Abidogun prepared the Notice of Infraction, charging Short with engaging in a disruptive act; use of threatening language disruptive act; interfering with or resisting the duties of staff, or refusing to permit a search of person, property, location, or assigned area; disobeying a direct lawful order; exhibition, demonstration, or conveyance of insolence, disrespect, or vulgar language; and possession, passing, or receiving contraband. Abidogun attests that he and other officers used force necessary to gain control and restrain Mr. Short. Abidogun also attests that he did not witness Rose strike Short in the head with his walkie talkie. Id. Rose corroborates Abidogun's recitation of events and contends that the did not hit Short in the head with his walkie talkie. ECF No. 16-5 at ¶ 5.

         An internal investigation concluded that the officers used only such force necessary to maintain safety and in accordance with established directives and policies regarding response to a disruptive inmate. ECF No. 16-6, JCI Serious Incident Report (SIR) #18-096/JCI Use of Force (UOF) Report #18-029. Similarly, medical records reflect that immediately after the incident, Short was alert and oriented with no signs of confusion or dizziness. ECF No. 16-7 at 39. Short had a minor cut and two bumps to the left and right of his forehead. Id. Short reported that his neck and ear hurt, but denied any dizziness, weakness, back or chest pain, and he was able to move his limbs. Id. Short requested to be discharged to his housing unit, and he was cleared to return to his cell. Id.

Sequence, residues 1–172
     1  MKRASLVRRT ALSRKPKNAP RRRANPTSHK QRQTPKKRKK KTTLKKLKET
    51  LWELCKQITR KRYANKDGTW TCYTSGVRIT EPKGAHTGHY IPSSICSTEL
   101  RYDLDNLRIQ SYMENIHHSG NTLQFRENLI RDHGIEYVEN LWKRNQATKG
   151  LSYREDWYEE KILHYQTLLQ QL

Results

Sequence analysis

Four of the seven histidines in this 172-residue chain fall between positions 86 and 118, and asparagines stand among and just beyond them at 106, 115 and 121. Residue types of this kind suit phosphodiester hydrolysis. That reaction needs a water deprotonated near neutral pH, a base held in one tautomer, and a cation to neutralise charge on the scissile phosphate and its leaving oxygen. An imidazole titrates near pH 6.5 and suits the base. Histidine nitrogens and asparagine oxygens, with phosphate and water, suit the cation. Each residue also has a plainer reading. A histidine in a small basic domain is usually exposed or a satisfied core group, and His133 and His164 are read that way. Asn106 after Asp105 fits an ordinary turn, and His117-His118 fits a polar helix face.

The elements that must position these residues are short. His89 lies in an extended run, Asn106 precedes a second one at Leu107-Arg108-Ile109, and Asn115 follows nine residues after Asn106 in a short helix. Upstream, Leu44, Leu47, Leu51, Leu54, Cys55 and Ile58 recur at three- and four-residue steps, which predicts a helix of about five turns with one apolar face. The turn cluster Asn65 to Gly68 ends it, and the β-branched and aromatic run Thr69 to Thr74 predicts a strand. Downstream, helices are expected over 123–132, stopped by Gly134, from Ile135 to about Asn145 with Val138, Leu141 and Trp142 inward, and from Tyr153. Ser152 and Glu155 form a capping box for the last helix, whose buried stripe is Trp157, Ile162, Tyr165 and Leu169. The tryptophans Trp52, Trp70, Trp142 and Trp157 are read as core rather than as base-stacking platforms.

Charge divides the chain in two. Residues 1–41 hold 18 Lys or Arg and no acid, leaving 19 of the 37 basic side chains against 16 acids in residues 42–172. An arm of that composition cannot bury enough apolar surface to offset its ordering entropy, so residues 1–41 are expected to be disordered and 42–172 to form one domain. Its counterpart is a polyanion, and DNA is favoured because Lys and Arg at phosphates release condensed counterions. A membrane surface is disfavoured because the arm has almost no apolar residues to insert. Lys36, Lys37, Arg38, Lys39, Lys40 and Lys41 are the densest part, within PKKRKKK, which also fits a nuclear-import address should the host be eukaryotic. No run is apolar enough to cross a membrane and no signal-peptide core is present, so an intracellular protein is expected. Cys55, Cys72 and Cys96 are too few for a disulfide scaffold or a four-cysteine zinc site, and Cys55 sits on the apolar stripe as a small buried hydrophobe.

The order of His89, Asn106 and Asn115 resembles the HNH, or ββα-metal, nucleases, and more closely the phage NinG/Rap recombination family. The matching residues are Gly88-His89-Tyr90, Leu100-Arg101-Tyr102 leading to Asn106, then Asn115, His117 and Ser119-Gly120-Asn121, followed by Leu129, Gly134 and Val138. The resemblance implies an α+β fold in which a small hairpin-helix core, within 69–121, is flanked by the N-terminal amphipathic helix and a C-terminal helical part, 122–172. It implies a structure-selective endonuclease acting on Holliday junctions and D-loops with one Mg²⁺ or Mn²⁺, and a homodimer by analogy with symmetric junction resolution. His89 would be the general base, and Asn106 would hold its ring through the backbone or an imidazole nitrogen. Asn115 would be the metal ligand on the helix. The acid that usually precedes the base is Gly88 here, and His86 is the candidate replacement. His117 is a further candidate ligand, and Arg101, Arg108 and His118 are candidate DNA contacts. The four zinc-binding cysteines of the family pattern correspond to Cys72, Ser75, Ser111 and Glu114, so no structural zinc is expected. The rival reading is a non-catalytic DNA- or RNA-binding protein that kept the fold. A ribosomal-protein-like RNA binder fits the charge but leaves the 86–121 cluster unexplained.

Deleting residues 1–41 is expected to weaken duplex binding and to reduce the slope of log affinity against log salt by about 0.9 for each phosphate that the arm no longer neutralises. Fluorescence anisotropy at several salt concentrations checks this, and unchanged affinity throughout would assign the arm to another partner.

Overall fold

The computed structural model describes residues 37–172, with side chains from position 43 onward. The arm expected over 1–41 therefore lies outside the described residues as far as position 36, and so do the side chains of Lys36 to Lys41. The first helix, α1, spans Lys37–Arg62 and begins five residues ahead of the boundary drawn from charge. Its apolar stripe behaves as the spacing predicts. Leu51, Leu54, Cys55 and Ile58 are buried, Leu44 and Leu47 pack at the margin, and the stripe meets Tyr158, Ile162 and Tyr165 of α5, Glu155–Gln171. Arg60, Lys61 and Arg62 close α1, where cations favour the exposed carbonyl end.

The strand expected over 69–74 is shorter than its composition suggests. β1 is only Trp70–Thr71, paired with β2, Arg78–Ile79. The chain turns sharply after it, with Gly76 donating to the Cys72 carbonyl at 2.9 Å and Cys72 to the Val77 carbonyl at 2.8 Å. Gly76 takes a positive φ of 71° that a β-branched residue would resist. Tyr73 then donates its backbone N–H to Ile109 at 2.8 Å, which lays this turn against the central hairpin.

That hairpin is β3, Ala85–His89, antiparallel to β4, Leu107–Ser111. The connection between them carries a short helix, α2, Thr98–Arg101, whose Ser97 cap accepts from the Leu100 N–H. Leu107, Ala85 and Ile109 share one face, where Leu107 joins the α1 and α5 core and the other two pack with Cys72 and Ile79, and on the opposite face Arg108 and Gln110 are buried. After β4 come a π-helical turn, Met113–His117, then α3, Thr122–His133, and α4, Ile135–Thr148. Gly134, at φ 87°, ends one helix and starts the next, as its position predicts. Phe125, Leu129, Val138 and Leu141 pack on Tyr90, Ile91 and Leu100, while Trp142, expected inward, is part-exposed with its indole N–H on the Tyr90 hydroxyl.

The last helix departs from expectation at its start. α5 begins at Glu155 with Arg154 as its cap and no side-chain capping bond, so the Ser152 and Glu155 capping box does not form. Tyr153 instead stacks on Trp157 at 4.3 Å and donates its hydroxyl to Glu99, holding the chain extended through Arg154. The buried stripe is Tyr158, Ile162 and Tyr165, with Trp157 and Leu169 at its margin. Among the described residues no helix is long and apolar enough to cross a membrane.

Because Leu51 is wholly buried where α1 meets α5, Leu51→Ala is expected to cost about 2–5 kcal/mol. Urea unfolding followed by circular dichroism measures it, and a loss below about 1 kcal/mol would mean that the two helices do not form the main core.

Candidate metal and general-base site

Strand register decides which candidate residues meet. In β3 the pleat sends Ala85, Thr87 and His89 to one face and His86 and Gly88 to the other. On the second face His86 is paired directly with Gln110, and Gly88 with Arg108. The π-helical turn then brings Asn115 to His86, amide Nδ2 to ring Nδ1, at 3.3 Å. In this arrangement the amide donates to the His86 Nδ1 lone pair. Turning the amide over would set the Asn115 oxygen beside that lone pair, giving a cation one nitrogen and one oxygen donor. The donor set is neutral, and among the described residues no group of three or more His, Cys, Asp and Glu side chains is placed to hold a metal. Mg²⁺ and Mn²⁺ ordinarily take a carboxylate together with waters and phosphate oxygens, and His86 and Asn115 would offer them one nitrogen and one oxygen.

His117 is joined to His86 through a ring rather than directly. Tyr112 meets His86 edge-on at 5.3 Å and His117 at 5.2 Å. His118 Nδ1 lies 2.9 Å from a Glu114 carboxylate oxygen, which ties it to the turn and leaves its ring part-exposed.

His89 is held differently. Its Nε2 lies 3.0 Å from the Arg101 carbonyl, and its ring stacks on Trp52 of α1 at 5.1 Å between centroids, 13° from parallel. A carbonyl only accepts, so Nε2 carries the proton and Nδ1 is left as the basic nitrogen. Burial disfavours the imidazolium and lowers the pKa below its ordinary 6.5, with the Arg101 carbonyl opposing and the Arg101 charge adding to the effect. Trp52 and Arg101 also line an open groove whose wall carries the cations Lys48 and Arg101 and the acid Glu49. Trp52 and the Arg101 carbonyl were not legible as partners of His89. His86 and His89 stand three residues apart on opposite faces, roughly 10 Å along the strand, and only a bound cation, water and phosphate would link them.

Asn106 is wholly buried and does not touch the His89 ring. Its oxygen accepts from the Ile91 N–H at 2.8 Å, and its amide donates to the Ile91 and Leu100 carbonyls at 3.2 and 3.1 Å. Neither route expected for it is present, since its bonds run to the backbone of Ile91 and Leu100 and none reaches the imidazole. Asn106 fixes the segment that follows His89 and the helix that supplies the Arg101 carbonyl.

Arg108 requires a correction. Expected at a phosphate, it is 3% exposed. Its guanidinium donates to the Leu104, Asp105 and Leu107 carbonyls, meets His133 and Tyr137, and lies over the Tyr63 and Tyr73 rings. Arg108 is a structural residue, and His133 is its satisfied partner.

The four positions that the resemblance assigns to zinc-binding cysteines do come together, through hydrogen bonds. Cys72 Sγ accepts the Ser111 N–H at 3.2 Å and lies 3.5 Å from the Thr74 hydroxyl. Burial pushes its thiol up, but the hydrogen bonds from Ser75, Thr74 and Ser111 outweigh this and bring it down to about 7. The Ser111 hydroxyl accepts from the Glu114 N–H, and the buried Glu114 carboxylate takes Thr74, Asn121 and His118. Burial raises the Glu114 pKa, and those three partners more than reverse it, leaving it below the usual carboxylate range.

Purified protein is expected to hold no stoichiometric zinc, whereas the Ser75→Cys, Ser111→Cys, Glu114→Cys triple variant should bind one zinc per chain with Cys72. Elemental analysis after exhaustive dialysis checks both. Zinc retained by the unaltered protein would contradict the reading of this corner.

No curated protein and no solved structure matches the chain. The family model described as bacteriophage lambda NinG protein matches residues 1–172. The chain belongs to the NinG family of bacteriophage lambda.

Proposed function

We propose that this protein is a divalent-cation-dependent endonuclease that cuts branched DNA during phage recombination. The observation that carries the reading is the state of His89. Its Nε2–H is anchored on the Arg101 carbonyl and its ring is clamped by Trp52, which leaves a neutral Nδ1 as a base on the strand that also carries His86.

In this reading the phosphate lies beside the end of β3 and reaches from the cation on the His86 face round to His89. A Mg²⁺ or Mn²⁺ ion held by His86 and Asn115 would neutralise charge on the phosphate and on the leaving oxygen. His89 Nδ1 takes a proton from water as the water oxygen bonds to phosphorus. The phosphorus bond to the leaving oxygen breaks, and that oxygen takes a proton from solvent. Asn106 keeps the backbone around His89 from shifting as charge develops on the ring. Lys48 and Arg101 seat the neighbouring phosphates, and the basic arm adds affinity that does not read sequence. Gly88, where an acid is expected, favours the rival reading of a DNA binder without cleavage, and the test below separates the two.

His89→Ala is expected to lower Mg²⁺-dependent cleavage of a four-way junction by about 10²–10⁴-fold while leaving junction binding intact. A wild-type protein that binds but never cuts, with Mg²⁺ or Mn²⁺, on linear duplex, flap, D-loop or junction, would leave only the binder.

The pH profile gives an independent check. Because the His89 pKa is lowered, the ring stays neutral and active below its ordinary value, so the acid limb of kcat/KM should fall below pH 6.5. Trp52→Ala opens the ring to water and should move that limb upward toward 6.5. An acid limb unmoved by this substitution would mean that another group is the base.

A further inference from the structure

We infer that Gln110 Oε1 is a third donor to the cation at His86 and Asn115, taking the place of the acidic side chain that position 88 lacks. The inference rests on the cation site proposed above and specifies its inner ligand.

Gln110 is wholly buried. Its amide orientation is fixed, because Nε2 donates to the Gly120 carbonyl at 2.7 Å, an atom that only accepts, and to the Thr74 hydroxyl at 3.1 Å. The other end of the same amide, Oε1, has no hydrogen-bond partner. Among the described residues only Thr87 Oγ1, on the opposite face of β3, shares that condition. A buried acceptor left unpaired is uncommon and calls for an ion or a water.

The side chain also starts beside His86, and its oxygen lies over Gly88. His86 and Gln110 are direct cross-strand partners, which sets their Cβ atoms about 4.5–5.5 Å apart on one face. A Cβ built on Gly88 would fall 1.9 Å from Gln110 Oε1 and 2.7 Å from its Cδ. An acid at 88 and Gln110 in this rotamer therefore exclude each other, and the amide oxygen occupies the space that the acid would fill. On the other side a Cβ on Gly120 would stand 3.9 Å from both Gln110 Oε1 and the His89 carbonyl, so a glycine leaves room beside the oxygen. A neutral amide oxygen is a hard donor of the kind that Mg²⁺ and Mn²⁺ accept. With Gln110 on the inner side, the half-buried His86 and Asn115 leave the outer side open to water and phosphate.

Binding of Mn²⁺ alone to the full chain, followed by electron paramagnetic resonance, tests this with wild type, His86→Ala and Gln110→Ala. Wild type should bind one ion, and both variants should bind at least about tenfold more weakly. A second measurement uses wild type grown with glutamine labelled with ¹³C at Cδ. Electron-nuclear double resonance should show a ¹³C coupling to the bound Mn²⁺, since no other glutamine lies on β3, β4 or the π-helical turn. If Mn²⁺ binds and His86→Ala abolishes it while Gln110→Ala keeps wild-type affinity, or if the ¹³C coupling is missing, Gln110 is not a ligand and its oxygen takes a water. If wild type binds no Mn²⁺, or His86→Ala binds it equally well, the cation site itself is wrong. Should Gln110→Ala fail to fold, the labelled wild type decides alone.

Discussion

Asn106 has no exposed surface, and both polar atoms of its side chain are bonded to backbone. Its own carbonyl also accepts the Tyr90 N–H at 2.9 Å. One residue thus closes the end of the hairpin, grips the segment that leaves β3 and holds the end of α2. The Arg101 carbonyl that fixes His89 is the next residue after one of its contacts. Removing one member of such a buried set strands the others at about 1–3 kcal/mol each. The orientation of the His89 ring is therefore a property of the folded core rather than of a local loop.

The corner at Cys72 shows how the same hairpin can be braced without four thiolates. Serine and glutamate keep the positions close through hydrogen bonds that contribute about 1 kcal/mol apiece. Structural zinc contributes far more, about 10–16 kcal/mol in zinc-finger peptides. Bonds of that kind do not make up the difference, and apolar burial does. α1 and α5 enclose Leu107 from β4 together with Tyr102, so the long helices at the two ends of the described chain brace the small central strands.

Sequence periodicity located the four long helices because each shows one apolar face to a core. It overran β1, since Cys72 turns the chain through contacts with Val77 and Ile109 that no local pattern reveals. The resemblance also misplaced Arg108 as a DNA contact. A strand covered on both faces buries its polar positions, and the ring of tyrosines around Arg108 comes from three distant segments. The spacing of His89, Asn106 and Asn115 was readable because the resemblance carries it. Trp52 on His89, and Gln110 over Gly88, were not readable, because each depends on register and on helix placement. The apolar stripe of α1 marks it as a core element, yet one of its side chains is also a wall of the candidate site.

On May 23, 2018, Officer Tahir Bashir tested the substance that Short had been holding and confirmed the presence of Buprenorphine.[3] Short was thereafter charged with violation of inmate rule possession or use of a controlled dangerous substance. ECF No. 16-6. Mr. Short filed a Request for Administrative Remedy, alleging that prison staff assaulted him during the strip-search on May 22, 2018. An investigation was opened under IID No. 18-35-00989. Id.

         On May 29, 2018 Short received an adjustment hearing. Short reached an agreed-upon resolution to the infractions, and he received as a sanction, 90 days of disciplinary segregation, a loss of 75 days of good conduct credits and an indefinite loss of visits. ECF No. 16-8 at 10.

         II. Analysis

         A. Standard of Review

         Pursuant to Rule 56(a) of the Federal Rules of Civil Procedure, summary judgment shall be granted if the movant demonstrates that no genuine issue of disputed material fact exists, rendering the movant entitled to judgment as a matter of law. See Fed. R. Civ. P. 56(d). “By its very terms, this standard provides that the mere existence of some alleged factual dispute between the parties will not defeat an otherwise properly supported motion for summary judgment; the requirement is that there be no genuine issue of material fact.” Anderson v. Liberty Lobby, Inc., 477 U.S. 242, 247-48, 106 S.Ct. 2505, 91 L.Ed.2d 202 (1986) (emphasis in original). “The party opposing a properly supported motion for summary judgment may not rest upon the mere allegations or denials of [his] pleadings, but rather must set forth specific facts showing that there is a genuine issue for trial.” See Bouchat v. Baltimore Ravens Football Club, Inc.,346 F.3d 514, 525 (4th Cir. 2003) (alteration in original) (quoting Fed.R.Civ.P. 56(e)). The Court must view the evidence in the light most favorable to the ...